Tips for Picky Eaters

Tips for Picky Eaters

Does your child’s diet only consist of macaroni and cheese and chicken nuggets? Do Goldfish crackers seem to be their own food group in your home? We all know how delicious these options are, but we also know how important it is to eat a balanced diet and want the same for our children. While it’s easy to worry about your child’s eating habits, picky eating is very normal behavior as your child grows and learns to eat on their own. It’s not uncommon for children, especially those between the ages of 24 and 36 months, to show their independence and take control of their own food choices. Children at that age are starting to gain independence in many areas, and may also prefer exploring their world to eating.

“Children may like to eat their favorite foods, such as Goldfish or mac and cheese, because they know what to expect,” explained Alisha Delgado, Feeding Specialist at TARC, a Topeka-based organization that provides support for children and adults with intellectual and developmental disabilities. “Little ones like control. Changing up food categories can feel more risky as it expands food textures in their mouth. Some veggies feel more squishy in the mouth compared to harder, crunchier foods and for some children that can be anxiety provoking at first. Or the reverse can be true, preferring soft and easy to swallow foods versus crunchy textures that require more control in the mouth and during the swallow. Eating can elicit feelings of enjoyment or feelings of anxiety and fear.”

Check out these great tips from our education team to help promote healthy eating with your little ones:

    1. Try to eat together as a family when you can. You are your child’s role model and they will watch and learn from you when you’re eating. Around 7 or 8 months of age, your child will start to grab at what you’re eating, signaling that they are starting to become interested in eating food.
    2. The family food table is also very important for a child’s development. Studies have shown that children who eat meals with their families do better in school, have higher self esteem, show less depressive symptoms and develop a larger vocabulary.
    3. Avoid excessive snacking throughout the day. While some snacks are fine, it is important to make sure your child is hungry when it’s time to eat their meals.
    4. It’s okay for children to play with their food! Children love to feed themselves, so make sure they have the opportunity to explore what they’re eating. It may be a little messy, but it’s important to allow healthy food exploration.
    5. Give your child options! Include something you know your child enjoys as well as a new food for them to taste and explore.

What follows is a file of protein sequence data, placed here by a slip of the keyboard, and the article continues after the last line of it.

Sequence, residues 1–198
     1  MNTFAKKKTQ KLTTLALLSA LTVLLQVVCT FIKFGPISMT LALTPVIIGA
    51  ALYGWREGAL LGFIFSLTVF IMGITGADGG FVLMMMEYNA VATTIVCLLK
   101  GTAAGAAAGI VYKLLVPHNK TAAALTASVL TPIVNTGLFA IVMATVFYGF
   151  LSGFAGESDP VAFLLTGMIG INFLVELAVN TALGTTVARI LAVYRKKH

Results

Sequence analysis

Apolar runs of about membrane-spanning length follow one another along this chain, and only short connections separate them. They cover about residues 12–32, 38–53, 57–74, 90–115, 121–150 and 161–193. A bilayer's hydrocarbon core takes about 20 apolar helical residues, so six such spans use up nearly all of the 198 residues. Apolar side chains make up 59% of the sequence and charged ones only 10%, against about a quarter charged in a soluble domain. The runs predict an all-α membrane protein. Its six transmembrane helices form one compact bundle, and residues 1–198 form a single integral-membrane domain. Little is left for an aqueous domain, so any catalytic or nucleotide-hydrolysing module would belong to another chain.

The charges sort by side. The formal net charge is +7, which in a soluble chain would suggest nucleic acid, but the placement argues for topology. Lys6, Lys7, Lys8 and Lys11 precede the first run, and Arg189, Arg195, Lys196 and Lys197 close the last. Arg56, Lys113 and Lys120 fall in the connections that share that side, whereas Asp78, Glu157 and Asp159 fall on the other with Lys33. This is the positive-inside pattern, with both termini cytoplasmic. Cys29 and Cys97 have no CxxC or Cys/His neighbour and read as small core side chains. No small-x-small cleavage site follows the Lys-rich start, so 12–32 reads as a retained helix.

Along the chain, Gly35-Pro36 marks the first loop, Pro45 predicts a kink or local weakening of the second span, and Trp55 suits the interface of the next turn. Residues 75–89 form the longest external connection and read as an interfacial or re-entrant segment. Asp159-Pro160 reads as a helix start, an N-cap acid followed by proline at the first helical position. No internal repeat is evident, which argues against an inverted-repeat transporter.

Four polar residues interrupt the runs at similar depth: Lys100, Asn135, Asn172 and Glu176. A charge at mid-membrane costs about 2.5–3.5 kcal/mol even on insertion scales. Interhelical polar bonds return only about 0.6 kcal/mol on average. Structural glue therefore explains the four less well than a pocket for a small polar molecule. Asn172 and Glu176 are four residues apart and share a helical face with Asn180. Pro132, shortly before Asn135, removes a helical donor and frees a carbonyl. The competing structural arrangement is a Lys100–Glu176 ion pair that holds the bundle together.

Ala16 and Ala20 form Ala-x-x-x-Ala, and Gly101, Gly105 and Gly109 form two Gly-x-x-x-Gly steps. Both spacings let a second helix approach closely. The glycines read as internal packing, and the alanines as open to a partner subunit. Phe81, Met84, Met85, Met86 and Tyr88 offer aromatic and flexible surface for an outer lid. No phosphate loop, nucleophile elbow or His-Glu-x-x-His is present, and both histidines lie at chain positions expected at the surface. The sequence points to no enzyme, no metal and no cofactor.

6. Less is more. Large servings of food can be overwhelming for a child, so try out smaller plates and portions. You can always give them more food if they finish what they have and are still hungry.
    7. Make meal prep fun. Allowing your child to help choose new food at the store, prepare a meal, and talk about where the food comes from is a great way to help them become interested in what they’re eating.
    8. Food struggles are normal for a young child. It is important for you as the parent/caregiver to remain calm. Try redirecting the conversation to other topics during mealtime and not focusing on what your child is not eating.
    9. Avoid using food as a reward or punishment. This can potentially enhance eating issues with your child as they grow older.
      Making a second meal for your child if they choose not to eat what you’ve served isn’t necessary. Save their food for later or offer a healthy snack as an alternative.
    10. Don’t be afraid to consult your pediatrician if needed. While picky eating is generally a normal phase for young children, it is very important to talk with your doctor if you feel that your child is not getting the proper nutrition.

Alisha Delgado offers the following suggestions in addition:

  • Observe how much liquid your child is consuming. They may be drinking more of their calories than you realize and, therefore, not wanting to eat their food.
    It’s normal for children to get “hooked” on eating one item over and over again. If your child tends to fall into a “food rut” they will typically get tired of the food after a few days.
  • Divided plates can be helpful since we “eat with our eyes.” How the food is presented can affect how well your child eats.
  • Ideally, you would like for your child to eat the rainbow of color food choices. If your child eats only white and brown foods, you can slowly introduce other color to your child’s palate by giving them drinks that have color, or add food coloring to water/milk so they can be exposed to different food colors. Adding food coloring to foods like potatoes can give cognitive reinforcement to different food colors. Hard, crunchy foods can also be a way to expand children’s cognitive variation to enhance their visual food palate.

Children grow and develop at different rates and their food preferences will vary as they grow as well. Remember to be patient! Your child is gaining independence and is looking to you as a guide to lead them on the path of healthy eating.